"Cautious" Italian GP chiefs say they cannot afford Australia repeat

The Italian automobile club has warned Formula 1 it “can no longer afford to make the mistake” of cancelling races at the last minute, like the opening Australian Grand Prix.

"Cautious" Italian GP chiefs say they cannot afford Australia repeat

In March, the Melbourne season opener was called off just hours before Friday practice, 24 hours after a member of the McLaren team tested positive for COVID-19.

The late cancellation meant hordes of fans were already waiting outside the gates of the Albert Park circuit unaware of what was going to happen. Several McLaren members had to remain in self-isolation in Melbourne before being able to travel back to their families.

Since then, the first nine grands prix of the 2020 Formula 1 season have been either postponed or cancelled. In addition, both the French and Belgian grands prix are highly unlikely to take place on their scheduled summer date after both countries extended their ban on mass events.

The Automobile Club of Italy, which promotes Monza's Italian Grand Prix on September 6, says a repeat of the Melbourne scenario would be a “disaster” for the sport.

"We can no longer afford to make mistakes like in Australia, when the GP was cancelled with the public already at the track,” ACI president Angelo Sticchi Damiani told Gazzetta dello Sport.

"That was a setback for everyone, from Liberty Media to the teams, to the local organisers. To start again and then be forced to stop would be a disaster.”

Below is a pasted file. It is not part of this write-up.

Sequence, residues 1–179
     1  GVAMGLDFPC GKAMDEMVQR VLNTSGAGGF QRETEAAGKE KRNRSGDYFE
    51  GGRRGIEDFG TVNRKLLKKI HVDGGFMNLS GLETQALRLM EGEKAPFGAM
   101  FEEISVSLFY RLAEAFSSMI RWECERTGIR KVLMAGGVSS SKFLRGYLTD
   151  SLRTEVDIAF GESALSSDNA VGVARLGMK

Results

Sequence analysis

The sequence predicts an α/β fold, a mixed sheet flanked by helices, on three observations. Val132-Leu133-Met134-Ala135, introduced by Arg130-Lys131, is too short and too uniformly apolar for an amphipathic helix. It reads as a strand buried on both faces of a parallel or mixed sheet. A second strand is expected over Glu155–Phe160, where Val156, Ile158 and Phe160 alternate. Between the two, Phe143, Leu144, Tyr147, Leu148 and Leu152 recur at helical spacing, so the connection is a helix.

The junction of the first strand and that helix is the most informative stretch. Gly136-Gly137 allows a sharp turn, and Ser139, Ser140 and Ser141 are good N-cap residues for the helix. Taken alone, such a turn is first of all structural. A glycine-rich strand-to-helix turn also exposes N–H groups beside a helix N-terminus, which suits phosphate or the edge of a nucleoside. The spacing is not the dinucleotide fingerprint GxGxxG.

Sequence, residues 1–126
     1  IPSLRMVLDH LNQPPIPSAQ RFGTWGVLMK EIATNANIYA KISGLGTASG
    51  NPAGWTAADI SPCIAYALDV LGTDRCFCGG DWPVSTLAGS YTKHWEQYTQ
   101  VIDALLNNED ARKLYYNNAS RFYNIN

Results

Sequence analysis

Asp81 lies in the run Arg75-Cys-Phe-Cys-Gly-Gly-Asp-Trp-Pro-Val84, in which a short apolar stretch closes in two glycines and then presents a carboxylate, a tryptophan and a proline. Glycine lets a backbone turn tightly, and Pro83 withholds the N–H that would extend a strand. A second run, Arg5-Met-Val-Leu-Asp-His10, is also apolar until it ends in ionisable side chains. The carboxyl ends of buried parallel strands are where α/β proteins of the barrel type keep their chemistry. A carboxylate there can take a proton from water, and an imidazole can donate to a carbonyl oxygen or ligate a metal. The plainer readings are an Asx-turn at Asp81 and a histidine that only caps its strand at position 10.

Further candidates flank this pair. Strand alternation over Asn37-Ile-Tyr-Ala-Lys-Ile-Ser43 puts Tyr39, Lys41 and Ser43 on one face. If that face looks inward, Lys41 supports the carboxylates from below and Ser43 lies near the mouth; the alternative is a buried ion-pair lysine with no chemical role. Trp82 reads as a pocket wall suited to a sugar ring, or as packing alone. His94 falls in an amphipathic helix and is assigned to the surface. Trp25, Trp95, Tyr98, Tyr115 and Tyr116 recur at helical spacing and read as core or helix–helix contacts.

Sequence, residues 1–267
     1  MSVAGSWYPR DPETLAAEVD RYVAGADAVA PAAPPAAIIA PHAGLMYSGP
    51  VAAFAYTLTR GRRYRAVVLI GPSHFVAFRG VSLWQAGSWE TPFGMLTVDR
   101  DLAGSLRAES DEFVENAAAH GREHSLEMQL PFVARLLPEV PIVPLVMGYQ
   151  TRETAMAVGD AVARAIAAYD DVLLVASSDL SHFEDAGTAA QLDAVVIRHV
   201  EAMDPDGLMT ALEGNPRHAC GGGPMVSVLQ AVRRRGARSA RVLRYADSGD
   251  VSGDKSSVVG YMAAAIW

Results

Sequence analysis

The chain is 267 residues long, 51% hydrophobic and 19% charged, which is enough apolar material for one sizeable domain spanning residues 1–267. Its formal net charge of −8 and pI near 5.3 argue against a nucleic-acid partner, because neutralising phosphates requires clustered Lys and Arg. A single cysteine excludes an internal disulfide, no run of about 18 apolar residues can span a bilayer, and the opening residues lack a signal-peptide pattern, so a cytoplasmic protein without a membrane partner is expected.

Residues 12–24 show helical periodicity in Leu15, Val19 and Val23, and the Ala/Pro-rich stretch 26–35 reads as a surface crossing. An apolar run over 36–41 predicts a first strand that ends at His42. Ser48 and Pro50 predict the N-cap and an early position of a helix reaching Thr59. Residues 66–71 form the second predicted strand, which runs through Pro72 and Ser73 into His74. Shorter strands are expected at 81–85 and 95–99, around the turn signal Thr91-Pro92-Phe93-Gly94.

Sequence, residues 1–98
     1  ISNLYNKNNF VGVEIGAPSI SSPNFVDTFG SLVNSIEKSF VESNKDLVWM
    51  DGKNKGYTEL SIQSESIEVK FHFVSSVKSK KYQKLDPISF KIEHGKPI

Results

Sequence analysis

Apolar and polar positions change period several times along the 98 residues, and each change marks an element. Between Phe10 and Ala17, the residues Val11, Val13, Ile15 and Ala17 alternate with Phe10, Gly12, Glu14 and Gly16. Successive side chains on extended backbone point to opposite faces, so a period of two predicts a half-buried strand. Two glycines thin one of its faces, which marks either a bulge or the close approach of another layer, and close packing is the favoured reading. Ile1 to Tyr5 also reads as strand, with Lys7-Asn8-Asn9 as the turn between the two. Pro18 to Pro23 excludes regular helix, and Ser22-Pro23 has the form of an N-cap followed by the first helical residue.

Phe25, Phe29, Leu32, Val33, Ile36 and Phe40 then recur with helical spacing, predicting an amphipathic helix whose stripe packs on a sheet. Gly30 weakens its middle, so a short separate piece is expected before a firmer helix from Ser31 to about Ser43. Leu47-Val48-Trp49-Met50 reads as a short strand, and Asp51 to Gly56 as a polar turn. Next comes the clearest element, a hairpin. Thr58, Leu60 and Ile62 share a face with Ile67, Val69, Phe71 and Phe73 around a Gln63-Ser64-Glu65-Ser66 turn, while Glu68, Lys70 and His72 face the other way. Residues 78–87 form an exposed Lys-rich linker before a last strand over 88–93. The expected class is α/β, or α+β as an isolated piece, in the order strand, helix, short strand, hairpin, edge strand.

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Monza is situated in Italy’s northern Lombardy region, which has been hit particularly hard by the coronavirus pandemic and remains under strict lockdown. With no end to the crisis in sight, Damiani urges Formula 1 to remain cautious.

"We are going through a situation of great uncertainty and in this moment we must act with caution and attention,” he added.

"The priority is to understand what happens in the countries that host the grands prix and in Italy and Great Britain, where most of the people in the paddock come from.”

When Formula 1 does decide the get the season underway, Damiani hopes teams can be flexible enough to start racing within two months. Damiani says the teams have currently asked for 90 days' notice, which could soon become critical for early September's Italian Grand Prix.

“The teams have asked for 90 days' notice to start again and if we think about July we would already be late,” Damiani said. "Maybe there will be a rethink and 60 will be enough.”

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